Rockford, Illinois News

Winnebago, Boone counties could see more COVID-19 restrictions

ROCKFORD — Winnebago and Boone counties could see an increase in COVID-19 restorations if the number of new cases and positivity rates continue to climb.

Boone and Winnebago are among 17 counties currently at a warning level as specified in the state’s Restore Illinois plan.

Winnebago County’s current seven-day positivity rate was at 8% Friday while Boone was at 9%.

Public health officials say increases are occurring because people are gathering in large groups without face coverings and not social distancing. Some communities also lack access to convenient testing before people become symptomatic. Lack of enforcement, refusal to participate in contact tracing are also factors in the jump in cases.

The state uses numerous indicators when determining if a county is experiencing stable COVID-19 activity, or if there are warning signs of increased risk in the county. A county is considered at the warning level when at least two of the following metrics triggers a warning:

  • New cases per 100,000 people: If there are more than 50 new cases per 100,000 people in the county, this triggers a warning.
  • Number of deaths: This metric indicates a warning when the weekly number of deaths increases more than 20% for two consecutive weeks.
  • Weekly test positivity: This metric indicates a warning when the 7-day test positivity rate rises above 8%.
  • ICU availability: If there are fewer than 20% of intensive care units available in the region, this triggers a warning.
  • Weekly emergency department visits: This metric indicates a warning when the weekly percent of COVID-19-like-illness emergency department visits increase by more than 20% for two consecutive weeks.
  • Weekly hospital admissions: A warning is triggered when the weekly number of hospital admissions for COVID-19-like-illness increases by more than 20% for two consecutive weeks.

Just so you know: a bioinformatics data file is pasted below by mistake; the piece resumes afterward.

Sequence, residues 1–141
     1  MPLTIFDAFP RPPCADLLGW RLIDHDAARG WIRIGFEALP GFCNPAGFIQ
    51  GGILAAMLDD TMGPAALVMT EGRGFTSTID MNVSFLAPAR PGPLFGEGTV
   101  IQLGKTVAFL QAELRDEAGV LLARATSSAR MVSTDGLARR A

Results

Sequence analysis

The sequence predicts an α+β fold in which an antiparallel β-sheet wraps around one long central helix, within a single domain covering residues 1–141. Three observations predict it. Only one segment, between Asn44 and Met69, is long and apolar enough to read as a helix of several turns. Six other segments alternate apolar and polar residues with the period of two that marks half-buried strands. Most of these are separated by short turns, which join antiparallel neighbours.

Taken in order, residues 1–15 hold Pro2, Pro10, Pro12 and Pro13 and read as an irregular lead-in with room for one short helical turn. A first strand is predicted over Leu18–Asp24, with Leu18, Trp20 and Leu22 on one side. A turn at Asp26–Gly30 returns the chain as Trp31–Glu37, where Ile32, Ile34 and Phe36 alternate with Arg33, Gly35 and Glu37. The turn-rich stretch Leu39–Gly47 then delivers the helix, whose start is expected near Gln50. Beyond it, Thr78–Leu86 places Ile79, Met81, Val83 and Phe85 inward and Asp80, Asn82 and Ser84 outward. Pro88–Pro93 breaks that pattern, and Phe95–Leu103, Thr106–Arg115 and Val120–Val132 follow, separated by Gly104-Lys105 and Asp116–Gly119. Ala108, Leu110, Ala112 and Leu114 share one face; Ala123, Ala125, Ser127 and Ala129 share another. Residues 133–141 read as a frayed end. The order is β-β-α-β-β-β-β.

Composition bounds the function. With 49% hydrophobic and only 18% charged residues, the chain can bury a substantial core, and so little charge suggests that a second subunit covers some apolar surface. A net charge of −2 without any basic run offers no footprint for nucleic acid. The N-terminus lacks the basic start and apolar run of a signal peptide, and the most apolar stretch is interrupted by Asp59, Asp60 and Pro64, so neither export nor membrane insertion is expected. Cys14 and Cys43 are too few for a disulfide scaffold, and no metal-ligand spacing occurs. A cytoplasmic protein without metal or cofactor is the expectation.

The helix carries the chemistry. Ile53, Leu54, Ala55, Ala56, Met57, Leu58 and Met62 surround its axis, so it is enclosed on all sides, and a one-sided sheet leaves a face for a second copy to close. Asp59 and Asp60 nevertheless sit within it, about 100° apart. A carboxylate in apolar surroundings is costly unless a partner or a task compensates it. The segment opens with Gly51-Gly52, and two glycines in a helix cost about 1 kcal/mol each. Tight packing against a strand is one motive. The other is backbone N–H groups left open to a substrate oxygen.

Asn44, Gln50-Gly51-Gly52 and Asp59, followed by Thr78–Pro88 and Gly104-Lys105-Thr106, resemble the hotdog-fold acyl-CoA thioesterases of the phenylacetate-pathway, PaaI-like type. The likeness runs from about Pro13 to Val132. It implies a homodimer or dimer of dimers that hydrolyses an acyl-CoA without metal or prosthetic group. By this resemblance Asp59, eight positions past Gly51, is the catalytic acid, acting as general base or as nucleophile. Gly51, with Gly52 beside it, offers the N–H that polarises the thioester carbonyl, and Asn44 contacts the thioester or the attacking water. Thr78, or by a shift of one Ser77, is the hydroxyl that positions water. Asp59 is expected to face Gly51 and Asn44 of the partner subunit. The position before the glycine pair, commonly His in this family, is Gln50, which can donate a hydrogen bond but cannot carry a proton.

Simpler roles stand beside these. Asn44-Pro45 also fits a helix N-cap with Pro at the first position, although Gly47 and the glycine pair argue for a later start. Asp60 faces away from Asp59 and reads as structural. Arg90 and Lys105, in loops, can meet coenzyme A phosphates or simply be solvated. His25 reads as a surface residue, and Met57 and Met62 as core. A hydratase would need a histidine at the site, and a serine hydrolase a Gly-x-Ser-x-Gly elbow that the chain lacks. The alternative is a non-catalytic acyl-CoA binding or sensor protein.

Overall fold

• Tests performed: This metric is used to provide context and indicate if more testing is needed in the county.
  • Clusters: This metric looks at the percent of COVID-19 cases associated with clusters or outbreaks and is used to understand large increase in cases.

Officials say metrics are intended to be used for local level awareness to help leaders, businesses, local health departments, and the public make informed decisions about personal and family gatherings, as well as the activities they choose to do. The metrics are updated weekly, from Sunday to Saturday of the prior week.

“Although the reasons for counties reaching a warning level varies, some of the common factors for an increase in cases and outbreaks are associated with university and college parties as well as college sports teams, large gatherings and events, bars and clubs, weddings and funerals, long-term care facilities, correctional centers, schools, and cases among the community at large,” Illinois Public Health Director Dr. Ngozi Ezike said in a release.

Winnebago County Health Director Dr. Sandra Martell urged citizens to be vigilant to prevent further spread. Currently, she said, cases found in more than a dozen local schools are the result of outside activities.

“Think about your weekend getaways. Think about your family gatherings, the play groups, participation in traveling sports, private clubs, and social events such as birthday parties,” Martell said during a press conference last Monday. “I know it’s hard. It’s a pandemic. We’re tired of it. But we are doing well at holding. But all of us in the community have to do our part so people can stay safe.”

If things don’t improve locally, bars and restaurants could be required to reduce capacity, close early or shut down indoor service. Reception halls could close and gatherings could be capped at 25 people.

As of Friday, there have been 5,710 cases in Winnebago County, including 153 deaths. The recovery rate is currently at 96%. There have been 1,097 cases in Boone County, including 23 deaths.

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